LUFKIN, TX (KTRE) - A 26-year-old Huntington man accepted a plea bargain deal of 25 years in a Texas Department of Criminal Justice prison on Monday for slashing a Lufkin woman's throat after he gave her a ride in September 2012.
Jeremy Chad Ayers appeared in front of County Court-at-Law 1 Judge Bob Inselmann, who was filling in for Judge Barry Bryan in the 217th Judicial District courtroom. He pleaded guilty to a first-degree felony charge of aggravated kidnapping.
Ayers accepted the plea bargain deal on the morning that his jury trial was scheduled to begin.
After accepting the plea, Ayers asked to be transported to the prison system as quickly as possible.
"They've had him in separation for 16 months, so he's been in our county jail without contact with other people, so he's ready to get out," said Defense Attorney Ryan Deaton.
The arrest affidavit stated that Angelina County Sheriff's Office deputies went to 160 Pine Island Road in Angelina County in response to a call about a possible aggravated assault victim. When the officers arrived on the scene, they found the victim lying on the ground. She had obvious knife wounds on her throat, her neck, and the left side of her chest.
The victim told the ACSO deputies that she was out walking when she caught a ride from an unknown man driving a red pickup, the affidavit stated. At the scene, the witnesses who found the victim gave the deputies a description of the truck, along with the white male who was driving and the woman riding with him.
When interviewed by investigators, the victim picked the suspect out of a photo lineup containing five other men with similar facial characteristics, stating that Ayers was the man who cut her neck and throat, the affidavit stated. The woman told detectives that she was out walking when Ayers picked her up, and they drove west on Highway 103 West before they wound up on Pine Island Road, according to Layne Thompson, an assistant prosecutor for Angelina County.
Thompson said Ayers made a sexual proposition to the woman. At one point, Ayers stopped at a house in the area and asked for directions before they drove further down Pine Island Road.
In a previous East Texas News story, Capt. Allen Hill of the Angelina County Sheriff's Office said that Hill and the woman drove around drinking beer for a period of time before Ayers stopped to urinate. Thompson said that Ayers also admitted to taking Xanax the night he attacked the woman.
The victim told investigators that after Ayers got out of his truck to urinate, she heard him rummaging around in the back of the pickup, Thompson said, adding that Ayers told her, "I just dropped something."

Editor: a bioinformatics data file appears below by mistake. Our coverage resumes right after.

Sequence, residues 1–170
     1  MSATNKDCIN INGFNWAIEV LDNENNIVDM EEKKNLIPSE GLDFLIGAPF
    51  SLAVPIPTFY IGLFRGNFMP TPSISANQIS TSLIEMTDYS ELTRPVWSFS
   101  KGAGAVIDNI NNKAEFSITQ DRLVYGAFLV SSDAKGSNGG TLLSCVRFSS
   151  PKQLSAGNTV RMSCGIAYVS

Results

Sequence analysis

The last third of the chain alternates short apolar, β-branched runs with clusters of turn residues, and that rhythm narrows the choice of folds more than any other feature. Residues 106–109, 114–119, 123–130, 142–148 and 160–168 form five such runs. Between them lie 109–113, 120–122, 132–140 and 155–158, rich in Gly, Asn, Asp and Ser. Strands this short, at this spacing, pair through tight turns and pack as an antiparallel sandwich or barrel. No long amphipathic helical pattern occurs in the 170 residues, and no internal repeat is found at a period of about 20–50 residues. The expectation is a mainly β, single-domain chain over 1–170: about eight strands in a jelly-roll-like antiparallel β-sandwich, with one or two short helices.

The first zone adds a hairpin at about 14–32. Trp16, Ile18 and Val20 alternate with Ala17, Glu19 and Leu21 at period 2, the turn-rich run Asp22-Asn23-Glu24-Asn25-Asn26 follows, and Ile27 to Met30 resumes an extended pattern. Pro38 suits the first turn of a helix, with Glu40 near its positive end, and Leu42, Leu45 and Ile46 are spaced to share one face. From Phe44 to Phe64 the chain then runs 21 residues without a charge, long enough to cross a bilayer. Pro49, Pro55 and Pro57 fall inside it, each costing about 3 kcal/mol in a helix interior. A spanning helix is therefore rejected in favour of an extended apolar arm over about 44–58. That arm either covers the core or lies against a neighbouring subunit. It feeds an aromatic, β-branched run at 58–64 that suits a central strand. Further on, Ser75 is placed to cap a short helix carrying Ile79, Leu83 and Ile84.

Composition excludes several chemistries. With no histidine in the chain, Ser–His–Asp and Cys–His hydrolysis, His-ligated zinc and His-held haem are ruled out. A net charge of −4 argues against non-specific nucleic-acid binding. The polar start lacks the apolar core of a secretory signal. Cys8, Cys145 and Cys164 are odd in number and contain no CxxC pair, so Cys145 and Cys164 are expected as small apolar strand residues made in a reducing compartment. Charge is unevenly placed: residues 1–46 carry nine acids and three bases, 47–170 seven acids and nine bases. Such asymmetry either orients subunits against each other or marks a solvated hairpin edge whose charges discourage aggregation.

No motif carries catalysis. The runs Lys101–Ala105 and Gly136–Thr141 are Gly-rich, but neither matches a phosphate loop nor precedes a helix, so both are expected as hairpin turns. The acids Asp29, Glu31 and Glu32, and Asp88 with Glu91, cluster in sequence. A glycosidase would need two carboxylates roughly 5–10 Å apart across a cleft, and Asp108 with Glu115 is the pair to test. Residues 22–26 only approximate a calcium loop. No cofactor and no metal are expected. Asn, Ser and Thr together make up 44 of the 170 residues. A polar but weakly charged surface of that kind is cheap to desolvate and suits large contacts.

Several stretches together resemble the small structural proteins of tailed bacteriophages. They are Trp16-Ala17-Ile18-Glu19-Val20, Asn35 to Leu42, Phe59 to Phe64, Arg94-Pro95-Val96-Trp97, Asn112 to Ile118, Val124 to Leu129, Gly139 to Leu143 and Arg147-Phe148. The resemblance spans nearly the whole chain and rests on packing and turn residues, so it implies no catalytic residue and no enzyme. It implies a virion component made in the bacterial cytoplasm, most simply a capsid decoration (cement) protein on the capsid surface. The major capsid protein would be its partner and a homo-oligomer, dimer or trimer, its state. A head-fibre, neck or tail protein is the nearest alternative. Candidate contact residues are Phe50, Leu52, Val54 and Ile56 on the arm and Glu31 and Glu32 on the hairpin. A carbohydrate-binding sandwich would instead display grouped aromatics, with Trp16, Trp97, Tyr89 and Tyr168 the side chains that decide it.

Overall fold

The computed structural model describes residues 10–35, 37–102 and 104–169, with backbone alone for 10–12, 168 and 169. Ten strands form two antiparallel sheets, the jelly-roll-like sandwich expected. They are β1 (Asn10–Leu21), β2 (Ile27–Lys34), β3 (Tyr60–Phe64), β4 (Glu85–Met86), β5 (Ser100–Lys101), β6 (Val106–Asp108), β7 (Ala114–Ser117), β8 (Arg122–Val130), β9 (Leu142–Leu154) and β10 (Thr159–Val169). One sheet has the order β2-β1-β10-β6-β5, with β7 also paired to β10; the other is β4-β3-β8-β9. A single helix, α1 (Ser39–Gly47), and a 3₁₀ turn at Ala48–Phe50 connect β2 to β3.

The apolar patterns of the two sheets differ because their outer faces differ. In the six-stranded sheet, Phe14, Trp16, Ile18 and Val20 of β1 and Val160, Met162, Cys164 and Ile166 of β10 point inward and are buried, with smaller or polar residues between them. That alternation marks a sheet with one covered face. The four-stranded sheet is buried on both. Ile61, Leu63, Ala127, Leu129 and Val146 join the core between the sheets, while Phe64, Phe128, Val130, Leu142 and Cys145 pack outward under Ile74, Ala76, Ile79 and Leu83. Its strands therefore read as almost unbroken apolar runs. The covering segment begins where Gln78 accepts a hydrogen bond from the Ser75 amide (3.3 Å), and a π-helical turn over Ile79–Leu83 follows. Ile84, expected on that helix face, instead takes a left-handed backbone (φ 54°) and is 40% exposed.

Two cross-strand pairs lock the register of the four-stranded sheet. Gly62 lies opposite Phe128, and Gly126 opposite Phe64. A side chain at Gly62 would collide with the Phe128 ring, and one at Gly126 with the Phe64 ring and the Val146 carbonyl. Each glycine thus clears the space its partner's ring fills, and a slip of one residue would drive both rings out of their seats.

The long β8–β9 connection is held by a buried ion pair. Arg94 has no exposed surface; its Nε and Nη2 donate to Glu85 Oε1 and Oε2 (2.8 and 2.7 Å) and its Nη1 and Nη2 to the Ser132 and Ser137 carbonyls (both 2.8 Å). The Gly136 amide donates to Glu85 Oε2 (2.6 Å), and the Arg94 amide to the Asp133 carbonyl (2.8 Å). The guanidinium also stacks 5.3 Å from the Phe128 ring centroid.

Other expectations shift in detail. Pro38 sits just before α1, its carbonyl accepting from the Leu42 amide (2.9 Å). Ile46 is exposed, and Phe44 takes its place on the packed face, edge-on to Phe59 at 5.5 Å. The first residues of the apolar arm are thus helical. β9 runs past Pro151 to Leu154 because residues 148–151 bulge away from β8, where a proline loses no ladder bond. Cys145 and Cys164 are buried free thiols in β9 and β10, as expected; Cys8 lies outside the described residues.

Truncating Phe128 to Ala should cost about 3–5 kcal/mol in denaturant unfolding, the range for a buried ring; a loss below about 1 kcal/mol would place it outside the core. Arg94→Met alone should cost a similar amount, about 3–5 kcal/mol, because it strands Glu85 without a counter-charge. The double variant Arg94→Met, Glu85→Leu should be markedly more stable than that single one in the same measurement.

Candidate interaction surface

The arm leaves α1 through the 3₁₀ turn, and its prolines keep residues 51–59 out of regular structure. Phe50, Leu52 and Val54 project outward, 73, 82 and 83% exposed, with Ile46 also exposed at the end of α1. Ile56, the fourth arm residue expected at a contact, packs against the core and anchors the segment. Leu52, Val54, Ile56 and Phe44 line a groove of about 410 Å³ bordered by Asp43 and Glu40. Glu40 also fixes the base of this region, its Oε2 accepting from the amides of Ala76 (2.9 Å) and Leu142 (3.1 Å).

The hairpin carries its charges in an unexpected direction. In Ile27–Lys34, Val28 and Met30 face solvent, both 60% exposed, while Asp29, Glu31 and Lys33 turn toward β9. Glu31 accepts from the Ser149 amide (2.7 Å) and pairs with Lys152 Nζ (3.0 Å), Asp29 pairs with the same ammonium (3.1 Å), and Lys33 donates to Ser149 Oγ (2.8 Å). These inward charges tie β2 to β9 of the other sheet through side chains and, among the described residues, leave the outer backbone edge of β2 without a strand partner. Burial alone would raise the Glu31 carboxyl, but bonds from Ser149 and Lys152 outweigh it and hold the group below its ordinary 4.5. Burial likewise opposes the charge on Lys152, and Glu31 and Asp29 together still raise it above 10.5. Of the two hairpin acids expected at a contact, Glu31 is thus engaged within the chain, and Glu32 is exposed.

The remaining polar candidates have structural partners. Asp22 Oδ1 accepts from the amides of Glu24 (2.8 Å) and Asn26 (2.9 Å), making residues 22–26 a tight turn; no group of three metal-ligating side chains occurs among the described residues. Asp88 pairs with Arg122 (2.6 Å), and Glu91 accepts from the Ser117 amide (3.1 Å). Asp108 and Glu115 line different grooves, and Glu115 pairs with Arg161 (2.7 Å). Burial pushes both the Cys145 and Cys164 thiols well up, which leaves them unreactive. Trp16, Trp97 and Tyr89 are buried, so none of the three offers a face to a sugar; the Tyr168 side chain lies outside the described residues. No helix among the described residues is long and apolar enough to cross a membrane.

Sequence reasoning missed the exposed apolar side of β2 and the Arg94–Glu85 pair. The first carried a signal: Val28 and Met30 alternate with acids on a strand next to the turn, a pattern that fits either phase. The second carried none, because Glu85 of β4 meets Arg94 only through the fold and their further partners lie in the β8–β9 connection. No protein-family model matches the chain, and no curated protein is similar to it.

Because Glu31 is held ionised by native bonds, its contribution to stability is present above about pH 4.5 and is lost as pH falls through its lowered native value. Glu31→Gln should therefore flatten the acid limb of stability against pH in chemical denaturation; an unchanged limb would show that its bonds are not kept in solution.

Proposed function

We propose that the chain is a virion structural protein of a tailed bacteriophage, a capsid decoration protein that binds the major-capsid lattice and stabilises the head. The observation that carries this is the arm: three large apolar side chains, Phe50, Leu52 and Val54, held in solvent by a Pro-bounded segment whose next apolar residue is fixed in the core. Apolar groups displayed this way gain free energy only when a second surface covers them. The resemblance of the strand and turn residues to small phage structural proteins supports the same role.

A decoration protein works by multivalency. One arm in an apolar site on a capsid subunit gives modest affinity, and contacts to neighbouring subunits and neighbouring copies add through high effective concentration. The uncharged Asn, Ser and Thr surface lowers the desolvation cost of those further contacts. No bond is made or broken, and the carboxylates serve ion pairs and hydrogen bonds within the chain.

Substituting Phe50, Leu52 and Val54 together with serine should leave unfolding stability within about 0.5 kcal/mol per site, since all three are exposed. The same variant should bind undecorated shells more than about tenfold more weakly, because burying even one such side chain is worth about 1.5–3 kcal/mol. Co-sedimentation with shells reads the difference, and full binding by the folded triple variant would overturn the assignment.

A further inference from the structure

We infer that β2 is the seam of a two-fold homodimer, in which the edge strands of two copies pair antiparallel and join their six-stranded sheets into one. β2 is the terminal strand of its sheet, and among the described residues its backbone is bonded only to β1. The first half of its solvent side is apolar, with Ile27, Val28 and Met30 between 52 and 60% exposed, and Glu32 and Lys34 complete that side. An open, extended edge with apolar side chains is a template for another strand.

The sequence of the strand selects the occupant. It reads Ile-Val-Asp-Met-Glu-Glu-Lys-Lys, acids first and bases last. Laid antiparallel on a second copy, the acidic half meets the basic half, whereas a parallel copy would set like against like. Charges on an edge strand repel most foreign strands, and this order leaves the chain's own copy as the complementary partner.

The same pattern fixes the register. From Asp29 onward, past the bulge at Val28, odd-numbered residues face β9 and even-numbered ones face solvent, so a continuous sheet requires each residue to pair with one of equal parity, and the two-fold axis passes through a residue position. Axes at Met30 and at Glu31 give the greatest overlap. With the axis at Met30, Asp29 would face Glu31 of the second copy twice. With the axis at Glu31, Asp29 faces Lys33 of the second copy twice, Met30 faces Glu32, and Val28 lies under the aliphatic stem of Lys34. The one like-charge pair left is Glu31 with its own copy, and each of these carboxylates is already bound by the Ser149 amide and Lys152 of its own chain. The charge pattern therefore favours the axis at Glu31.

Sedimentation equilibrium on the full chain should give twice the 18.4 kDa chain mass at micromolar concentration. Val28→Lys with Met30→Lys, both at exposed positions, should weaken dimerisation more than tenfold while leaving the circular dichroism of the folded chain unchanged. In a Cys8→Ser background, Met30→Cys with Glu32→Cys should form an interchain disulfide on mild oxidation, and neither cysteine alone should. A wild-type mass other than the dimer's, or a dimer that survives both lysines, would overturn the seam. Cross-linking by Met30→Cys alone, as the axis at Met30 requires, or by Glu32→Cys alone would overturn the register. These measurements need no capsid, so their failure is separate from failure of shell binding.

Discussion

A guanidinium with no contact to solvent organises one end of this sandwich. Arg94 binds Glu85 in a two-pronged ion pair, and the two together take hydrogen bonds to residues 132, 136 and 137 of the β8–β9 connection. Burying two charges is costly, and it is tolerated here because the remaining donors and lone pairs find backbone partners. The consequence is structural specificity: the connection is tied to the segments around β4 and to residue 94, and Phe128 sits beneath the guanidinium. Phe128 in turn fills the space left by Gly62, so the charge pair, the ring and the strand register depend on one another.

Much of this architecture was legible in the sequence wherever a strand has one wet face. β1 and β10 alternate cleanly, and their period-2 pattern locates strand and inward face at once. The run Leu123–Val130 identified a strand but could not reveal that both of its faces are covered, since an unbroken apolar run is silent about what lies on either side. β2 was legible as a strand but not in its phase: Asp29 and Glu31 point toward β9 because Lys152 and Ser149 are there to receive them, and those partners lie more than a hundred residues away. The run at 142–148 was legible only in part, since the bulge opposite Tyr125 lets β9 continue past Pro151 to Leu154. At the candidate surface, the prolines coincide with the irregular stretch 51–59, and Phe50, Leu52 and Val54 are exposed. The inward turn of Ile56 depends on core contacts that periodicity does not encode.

Then Ayers reached through the driver's door of the truck, dragged the woman outside by her hair, put his knee on her back, and used a knife to slash her neck and throat and stab her in the chest as she begged for him to stop. According to the affidavit, Ayers then dropped the victim on the ground and drove away in his pickup.
"At one point, she just went limp and started playing dead," Thompson said. Then she had the sense to crawl out of the road because she thought he might come back and try to run her over."
Thompson said the victim could hear the blood gushing out of her neck, and she knew that if she didn't get help, she was going to die. She put her hands to her neck to stop the bleeding and crawled/walked back to the house where Ayers had stopped to get directions earlier that night.
Hill said the victim was lucky to make it to that house.
Thompson said the ACSO investigators did some excellent police work in identifying Ayers. When they talked to the people at the house where he had asked for directions, the witnesses remembered that Ayers had used his real first name when he talked to them. They also remembered that Ayers had been smoking when he talked to them, and as a result, the investigators found cigarette butts near the home that had DNA evidence from Ayers on them.
In addition, Texas Ranger Steve Rayburn did "tape lifts" on the passenger's seat of Ayers' truck, hoping to find trace evidence, Thompson said. The assistant prosecutor said the DNA evidence Rayburn found turned out to be a match to the victim's blood.
After she got out of surgery, the victim told authorities it was a random act of violence, Hill said. She told investigators there that there was no argument or any indication before the assault occurred, and picked Ayers out of a photo lineup.
ACSO deputies picked Ayers up on an arrest warrant some time later and transported him to the Angelina County Jail.
Hill said Ayers denied slashing the woman's throat. According to a previous East Texas News story, Ayers gave no explanation for why he cut the woman's throat other than saying that he doesn't like people or being around them.
When asked why the bond was set at $500,000, Pct. 1 Justice of the Peace Billy Ball said that aggravated assault with a deadly weapon charge is a serious one. He said he has seen a picture of the victim's injuries, adding, "She's lucky to be alive."